Music studios have gained the upper hand in their legal battle with a “stream ripping” service known as YouTube-MP3, which allowed people to obtain pirated versions of songs simply by pasting a YouTube link into a website.

In a proposed settlement filed on September 1 in federal court in Los Angeles, the Germany-based website agrees to suspend the service and acknowledged is engaged in a variety of copyright infractions.

The studios, including Sony and Warner Bros, sued YouTube-MP3 (which is not related to YouTube) in 2016, accusing it of violating the copyrights they hold in the recordings of popular artists like Bruno Mars, Kesha, and Beyonce.

According to the studios, the stream-ripping service profited by showing advertisements while allowing consumers to help themselves to pirated versions of popular songs.

The legal fight is significant because “stream-ripping” has replaced peer-to-peer services like Napster as a major source of piracy. As the Financial Times reported last year:

Almost half of 16 to 24-year-olds now use so-called “stream ripping” software to copy streamed music illegally, according to the IFPI, which represents the global recording industry. Stream ripping has surpassed illegal downloading from file-sharing sites as the most popular form of music piracy, the organisation said.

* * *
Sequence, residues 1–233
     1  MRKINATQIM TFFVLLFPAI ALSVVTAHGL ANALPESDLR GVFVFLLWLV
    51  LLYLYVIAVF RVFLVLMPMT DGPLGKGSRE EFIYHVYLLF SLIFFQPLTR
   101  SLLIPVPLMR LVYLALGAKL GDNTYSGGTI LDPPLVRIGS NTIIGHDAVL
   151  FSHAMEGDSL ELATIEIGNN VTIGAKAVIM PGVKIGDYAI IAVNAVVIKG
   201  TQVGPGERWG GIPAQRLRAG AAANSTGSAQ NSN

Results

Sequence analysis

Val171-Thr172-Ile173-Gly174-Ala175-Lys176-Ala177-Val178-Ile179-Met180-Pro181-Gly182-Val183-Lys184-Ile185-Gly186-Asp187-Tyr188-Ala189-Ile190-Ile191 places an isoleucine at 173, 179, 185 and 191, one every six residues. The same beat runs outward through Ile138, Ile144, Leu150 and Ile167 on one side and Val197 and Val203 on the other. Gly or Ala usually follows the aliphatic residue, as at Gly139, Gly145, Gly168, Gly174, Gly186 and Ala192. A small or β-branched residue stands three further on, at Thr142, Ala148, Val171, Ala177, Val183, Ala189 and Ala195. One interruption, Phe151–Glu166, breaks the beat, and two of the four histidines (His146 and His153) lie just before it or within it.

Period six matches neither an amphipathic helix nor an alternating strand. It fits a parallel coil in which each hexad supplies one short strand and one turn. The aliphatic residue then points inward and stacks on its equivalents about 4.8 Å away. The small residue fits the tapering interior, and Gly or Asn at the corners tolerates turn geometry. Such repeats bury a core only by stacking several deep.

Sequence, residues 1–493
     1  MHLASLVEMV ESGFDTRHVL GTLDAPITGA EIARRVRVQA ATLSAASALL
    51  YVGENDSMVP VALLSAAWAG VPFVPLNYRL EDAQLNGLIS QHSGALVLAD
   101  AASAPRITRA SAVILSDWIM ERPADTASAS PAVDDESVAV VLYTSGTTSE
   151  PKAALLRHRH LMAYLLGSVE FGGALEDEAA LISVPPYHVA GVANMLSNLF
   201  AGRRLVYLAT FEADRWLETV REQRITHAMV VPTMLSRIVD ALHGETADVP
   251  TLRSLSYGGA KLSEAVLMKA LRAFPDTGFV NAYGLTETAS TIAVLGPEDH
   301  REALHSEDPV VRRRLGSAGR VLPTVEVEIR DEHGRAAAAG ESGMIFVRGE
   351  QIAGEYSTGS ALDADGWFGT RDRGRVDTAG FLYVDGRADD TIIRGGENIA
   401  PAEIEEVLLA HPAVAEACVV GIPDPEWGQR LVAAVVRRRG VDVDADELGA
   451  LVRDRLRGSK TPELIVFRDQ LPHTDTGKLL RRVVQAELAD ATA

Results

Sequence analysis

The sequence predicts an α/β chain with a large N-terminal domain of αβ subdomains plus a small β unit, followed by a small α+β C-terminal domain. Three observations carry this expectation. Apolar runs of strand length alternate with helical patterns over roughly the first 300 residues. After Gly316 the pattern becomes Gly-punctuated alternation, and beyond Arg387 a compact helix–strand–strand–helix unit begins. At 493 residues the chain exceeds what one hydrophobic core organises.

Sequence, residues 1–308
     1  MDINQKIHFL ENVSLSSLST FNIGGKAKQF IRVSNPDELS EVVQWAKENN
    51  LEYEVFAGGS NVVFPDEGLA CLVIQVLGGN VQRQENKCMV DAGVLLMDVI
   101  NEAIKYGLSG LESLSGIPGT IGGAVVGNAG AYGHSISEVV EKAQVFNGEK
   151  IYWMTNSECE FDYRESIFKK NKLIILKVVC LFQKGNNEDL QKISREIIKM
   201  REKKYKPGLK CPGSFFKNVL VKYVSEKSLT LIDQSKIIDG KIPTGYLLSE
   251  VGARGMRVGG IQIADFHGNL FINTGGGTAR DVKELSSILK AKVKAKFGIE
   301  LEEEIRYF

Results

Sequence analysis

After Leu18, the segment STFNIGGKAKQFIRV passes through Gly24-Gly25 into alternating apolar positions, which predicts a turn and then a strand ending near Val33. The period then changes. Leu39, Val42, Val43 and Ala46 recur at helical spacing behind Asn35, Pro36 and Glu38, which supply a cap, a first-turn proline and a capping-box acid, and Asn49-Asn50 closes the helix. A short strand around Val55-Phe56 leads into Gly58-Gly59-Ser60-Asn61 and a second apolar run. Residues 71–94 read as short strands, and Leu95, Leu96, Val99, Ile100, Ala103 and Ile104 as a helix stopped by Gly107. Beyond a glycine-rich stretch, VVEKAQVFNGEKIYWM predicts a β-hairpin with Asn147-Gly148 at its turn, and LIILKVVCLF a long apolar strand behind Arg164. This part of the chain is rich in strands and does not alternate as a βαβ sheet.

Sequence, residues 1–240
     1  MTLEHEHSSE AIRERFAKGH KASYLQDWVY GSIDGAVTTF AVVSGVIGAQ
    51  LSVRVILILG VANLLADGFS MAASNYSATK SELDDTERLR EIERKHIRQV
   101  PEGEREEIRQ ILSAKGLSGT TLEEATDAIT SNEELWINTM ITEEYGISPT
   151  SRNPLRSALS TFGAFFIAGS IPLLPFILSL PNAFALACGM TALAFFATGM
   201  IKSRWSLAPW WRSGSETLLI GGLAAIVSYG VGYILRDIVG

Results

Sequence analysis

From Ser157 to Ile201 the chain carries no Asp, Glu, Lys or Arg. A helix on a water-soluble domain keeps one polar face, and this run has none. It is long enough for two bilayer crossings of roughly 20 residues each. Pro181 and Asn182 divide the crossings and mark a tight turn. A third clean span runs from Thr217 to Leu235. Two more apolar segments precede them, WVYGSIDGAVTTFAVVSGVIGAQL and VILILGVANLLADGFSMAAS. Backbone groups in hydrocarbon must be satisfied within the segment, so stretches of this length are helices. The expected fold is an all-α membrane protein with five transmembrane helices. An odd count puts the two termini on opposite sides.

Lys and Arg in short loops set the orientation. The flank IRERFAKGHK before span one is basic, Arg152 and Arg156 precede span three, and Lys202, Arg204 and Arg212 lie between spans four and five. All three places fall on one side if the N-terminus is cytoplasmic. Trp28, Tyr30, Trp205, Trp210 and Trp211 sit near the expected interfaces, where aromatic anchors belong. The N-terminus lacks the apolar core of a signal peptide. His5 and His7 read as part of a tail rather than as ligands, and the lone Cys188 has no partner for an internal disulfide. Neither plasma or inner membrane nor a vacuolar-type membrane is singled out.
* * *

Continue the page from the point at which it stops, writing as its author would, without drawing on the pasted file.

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The legal fight against stream-ripping services come at a time when YouTube has become an important partner for the music industry, offerings artists a way to distribute their music while taking a cut of the advertising revenue (YouTube also has a paid subscription service). Pirate sites like YouTube-MP3, however, undercut that equation by siphoning off the money.

Currently, the YouTube-MP3 website, which is run by a German man named Philip Matesanz is still up and running but displays a message to North American users that says “sorry, this service is not available from your jurisdiction.” It’s unclear if the ripping service still works in other countries.

The legal settlement, which was first spotted by Torrent Freak, describes an arrangement in which the operators of YouTube-MP3 agree to a permanent worldwide injunction and to refrain from working on other stream-stripping services in the future. The settlement must receive approval from a judge before it is legally binding.

While the settlement is a victory for the music industry, the record labels are likely to confront a familiar “whack-a-mole” problem in which other stream-ripping services emerge to take the place of YouTube-MP3.

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